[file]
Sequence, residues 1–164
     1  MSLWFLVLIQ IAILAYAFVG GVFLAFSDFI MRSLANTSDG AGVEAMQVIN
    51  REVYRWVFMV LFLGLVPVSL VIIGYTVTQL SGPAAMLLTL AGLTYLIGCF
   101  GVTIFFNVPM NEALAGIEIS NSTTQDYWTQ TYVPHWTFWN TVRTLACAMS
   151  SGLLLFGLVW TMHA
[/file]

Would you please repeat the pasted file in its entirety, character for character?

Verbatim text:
Sequence, residues 1–164
     1  MSLWFLVLIQ IAILAYAFVG GVFLAFSDFI MRSLANTSDG AGVEAMQVIN
    51  REVYRWVFMV LFLGLVPVSL VIIGYTVTQL SGPAAMLLTL AGLTYLIGCF
   101  GVTIFFNVPM NEALAGIEIS NSTTQDYWTQ TYVPHWTFWN TVRTLACAMS
   151  SGLLLFGLVW TMHA